The growth in oil production…
The NYSE is considering the…
Nigeria’s government is suspending crude oil exploration activities in the Chad Basin in northeastern Borno state following the kidnapping of at least 10 people who were contracted to carry out oil exploration research in the area, Nigeria’s Oil Minister Emmanuel Ibe Kachikwu said on Thursday.
Yesterday, an official at the Nigerian National Petroleum Corporation (NNPC) said that gunmen believed to be members of the Boko Haram terrorist group had abducted at least 10 people who were on an oil exploration mission in the Islamist group’s stronghold state of Borno. The Nigerian oil firm had hired the team to carry out research on the oil exploration activities in the Lake Chad basin in which Nigeria resumed exploration earlier this year.
The Nigerian Army said in a press statement that suspected Boko Haram terrorists ambushed on Tuesday the escort and team of NNPC staff returning from oil exploration at Barno Yasu, Magumeri Local Government Area of Borno State. After receiving the information about the kidnappings, the army organized a search and rescue party that included the Armed Forces Special Forces and guides to pursue the terrorists throughout the night. According to the army, all the NNPC staff have been rescued, but the corpses of 9 soldiers and a civilian were recovered during the rescue mission.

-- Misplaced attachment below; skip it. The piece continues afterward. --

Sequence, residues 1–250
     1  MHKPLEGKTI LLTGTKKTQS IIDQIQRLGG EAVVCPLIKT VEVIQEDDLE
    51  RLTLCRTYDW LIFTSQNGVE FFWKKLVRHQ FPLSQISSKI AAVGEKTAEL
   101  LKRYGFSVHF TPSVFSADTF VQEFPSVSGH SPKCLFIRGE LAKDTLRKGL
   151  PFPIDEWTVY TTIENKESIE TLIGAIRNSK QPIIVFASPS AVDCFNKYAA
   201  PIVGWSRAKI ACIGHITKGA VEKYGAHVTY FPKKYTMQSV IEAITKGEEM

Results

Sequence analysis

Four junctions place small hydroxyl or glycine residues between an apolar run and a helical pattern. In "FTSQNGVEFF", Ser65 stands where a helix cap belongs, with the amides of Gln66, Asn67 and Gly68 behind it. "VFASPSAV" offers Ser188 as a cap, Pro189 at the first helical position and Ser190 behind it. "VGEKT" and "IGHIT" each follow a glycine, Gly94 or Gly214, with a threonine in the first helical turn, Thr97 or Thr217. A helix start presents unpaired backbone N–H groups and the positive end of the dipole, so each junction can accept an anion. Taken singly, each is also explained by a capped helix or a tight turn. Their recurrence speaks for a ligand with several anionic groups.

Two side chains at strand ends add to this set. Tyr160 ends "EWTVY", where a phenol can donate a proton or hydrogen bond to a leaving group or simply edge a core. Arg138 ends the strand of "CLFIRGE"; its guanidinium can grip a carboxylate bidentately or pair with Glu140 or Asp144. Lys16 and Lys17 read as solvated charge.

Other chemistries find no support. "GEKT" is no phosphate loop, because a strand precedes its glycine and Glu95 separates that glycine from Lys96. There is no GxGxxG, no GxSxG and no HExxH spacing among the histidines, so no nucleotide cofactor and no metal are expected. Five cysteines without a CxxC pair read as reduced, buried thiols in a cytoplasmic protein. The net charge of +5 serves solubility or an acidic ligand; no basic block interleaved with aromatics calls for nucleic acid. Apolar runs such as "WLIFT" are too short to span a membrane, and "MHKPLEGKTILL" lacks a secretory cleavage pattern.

Minister Kachikwu told reporters today that he could not confirm the rescue and the government was still expecting confirmation from the security agencies.
Provided there’s sufficient security clearance, NNPC Group will definitely go back and continue to explore for oil in the area, NNPC said on Twitter, quoting the minister as saying.
According to Kachikwu, NNPC’s re-entry into oil exploration in the Chad Basin wasn’t misguided. For 6 months, they’ve been operating in the area as there’s some stability, NNPC tweeted.
The deterioration of the security situation in the Chad basin is the latest blow to Nigerian oil, after the Nigerian unit of Shell said earlier this week that it had shut its Trans Niger Pipeline due to a leak, while the managing director of the NNPC said that the pipeline was attacked, effectively shutting in 150,000 bpd of crude oil output.
By Tsvetana Paraskova for Oilprice.com
More Top Reads From Oilprice.com:
Tsvetana is a writer for Oilprice.com with over a decade of experience writing for news outlets such as iNVEZZ and SeeNews.